In the early ’00s, the Strokes (along with the White Stripes) helped to usher in a wave of sharp-dressed, retro-leaning “return of rock” bands that were supposed to wash out the nu-metal and post-grunge clogging up mainstream rock radio. While this wave wasn’t entirely successful in that regard, several of these bands have proved enduring, including Interpol, the Yeah Yeah Yeahs, the Killers, Kings of Leon, and the Black Keys. Many more bands were swept into the historical buzz bin. In honor of the Strokes' new album, Comedown Machine, and with apologies to the Vines, French Kicks, Louis XIV, etc., here are 10 songs from the period’s lesser lights that I still put on personal playlists. And to listen to all of them, here is a handy Spotify link.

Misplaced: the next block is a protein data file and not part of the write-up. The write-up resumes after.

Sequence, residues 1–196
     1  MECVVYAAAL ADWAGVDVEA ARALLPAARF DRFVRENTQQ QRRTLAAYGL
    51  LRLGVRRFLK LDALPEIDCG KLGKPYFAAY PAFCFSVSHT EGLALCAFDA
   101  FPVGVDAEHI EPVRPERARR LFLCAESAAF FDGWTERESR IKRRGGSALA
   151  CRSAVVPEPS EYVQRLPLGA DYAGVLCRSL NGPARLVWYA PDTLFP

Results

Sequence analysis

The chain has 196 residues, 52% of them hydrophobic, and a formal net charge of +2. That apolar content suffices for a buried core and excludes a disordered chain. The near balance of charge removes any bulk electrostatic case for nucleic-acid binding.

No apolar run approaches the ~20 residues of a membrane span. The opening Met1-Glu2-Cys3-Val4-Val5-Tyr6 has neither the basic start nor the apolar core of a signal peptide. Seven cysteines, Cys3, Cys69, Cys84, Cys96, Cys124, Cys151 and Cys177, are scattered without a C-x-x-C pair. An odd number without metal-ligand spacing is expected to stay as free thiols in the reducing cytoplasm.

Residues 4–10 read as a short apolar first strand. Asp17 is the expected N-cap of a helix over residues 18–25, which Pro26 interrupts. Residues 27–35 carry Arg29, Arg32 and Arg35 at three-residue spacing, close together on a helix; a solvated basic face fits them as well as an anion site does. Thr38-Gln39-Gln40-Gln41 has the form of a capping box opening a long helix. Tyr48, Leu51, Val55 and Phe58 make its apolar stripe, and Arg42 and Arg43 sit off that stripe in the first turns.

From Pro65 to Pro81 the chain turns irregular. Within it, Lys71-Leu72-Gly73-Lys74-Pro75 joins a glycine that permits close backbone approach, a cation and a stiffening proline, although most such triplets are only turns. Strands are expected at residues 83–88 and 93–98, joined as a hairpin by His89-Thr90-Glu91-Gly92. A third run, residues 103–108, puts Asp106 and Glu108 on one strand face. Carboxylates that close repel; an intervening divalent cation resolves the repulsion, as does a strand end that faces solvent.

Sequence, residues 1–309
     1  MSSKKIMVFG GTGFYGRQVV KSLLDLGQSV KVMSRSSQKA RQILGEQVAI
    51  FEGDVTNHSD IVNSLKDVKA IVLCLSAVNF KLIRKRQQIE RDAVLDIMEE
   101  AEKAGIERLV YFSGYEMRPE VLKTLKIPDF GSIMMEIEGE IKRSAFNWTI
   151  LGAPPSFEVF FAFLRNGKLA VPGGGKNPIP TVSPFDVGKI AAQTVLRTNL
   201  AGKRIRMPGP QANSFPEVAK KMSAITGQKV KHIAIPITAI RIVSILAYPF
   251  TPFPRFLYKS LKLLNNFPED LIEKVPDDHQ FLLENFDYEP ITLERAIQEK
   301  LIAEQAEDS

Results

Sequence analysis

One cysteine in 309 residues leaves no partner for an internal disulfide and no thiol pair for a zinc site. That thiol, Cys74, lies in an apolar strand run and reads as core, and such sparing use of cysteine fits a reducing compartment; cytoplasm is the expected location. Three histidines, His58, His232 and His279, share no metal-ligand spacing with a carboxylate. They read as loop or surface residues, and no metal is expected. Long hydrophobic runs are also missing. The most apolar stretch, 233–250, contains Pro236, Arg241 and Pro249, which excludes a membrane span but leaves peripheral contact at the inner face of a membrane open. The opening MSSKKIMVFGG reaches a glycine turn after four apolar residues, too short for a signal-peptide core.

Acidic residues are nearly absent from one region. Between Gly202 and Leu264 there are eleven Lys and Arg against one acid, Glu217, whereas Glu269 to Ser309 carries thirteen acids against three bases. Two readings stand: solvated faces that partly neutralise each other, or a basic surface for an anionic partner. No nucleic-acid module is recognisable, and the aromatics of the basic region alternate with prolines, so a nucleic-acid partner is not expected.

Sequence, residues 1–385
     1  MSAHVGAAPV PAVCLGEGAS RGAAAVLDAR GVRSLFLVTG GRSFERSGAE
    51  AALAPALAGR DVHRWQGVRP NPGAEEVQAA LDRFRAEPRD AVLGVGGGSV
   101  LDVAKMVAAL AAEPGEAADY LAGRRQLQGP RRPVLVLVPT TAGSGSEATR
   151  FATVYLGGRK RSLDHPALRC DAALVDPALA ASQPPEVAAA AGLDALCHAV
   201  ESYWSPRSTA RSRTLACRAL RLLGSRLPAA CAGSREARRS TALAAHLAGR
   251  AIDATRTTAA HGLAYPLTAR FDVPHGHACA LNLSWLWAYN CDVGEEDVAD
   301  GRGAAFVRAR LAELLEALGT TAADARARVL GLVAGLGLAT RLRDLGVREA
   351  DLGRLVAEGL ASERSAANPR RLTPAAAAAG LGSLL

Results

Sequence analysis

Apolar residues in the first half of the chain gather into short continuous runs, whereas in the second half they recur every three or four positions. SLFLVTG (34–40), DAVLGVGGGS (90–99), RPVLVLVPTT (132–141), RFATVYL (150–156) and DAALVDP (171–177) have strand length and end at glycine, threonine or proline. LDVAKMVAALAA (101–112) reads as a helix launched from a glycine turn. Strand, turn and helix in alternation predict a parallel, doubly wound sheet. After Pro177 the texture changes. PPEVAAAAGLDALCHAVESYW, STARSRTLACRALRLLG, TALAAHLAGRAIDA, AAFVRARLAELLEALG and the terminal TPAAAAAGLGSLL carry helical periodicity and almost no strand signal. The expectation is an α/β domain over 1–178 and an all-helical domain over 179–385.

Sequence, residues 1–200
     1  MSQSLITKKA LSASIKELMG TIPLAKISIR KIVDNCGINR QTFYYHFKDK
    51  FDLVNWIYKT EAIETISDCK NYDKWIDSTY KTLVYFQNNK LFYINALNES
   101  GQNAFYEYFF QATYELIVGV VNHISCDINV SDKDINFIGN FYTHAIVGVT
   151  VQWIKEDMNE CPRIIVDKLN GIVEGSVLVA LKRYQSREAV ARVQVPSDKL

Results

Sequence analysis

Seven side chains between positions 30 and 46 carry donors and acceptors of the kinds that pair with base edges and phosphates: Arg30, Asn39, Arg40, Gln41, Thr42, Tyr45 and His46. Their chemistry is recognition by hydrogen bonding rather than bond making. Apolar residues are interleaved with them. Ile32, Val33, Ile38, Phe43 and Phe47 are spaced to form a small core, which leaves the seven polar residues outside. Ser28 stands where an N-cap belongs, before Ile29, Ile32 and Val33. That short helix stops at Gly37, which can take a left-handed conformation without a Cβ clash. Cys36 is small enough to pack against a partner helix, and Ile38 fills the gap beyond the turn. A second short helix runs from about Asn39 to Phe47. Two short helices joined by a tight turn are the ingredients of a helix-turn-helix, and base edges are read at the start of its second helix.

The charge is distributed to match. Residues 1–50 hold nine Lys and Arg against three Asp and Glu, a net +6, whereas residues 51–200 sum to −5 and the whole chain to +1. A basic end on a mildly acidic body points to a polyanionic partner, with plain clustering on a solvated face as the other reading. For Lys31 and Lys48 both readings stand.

Yesterday, eight new inductees to the Rock and Roll Hall of Fame were announced: Rush, Donna Summer, Heart, Randy Newman, Public Enemy, and Albert King, as well as two Ahmet Ertegun Award for Lifetime Achievement inductees in producer/promoter Lou Adler and arranger/producer Quincy Jones. What does this mean? Effectively, not much. The Rock and Roll Hall of Fame and Museum has been around since 1983, inducting artists and industry shakers since 1986, and it’s been an actual building you can visit in Cleveland, Ohio, since 1993. It’s a fine place, designed by I.M. Pei and everything, but it’s not much more than a shrine to particular artists deemed worthy by a shadow group responsible for the voting. Every year, there's mild consternation over that year’s nominees — all of whom become eligible exactly 25 years since first becoming active — but this is nothing like the Baseball Hall of Fame. There is no Internet community driven mad by a Tim Raines–style fascination with, say, Jethro Tull. Wonderful as it might be, there is no Rock VORP in play though Tull’s Flute-Solo-Per-Song (FSPS) average is Gehrig-esque. To honor and examine this moment, Grantland’s resident music critic Steven Hyden and editor Sean Fennessey, a Rock Hall voter, discussed this year’s lineup, some methodology, and asked: Why do we need this thing?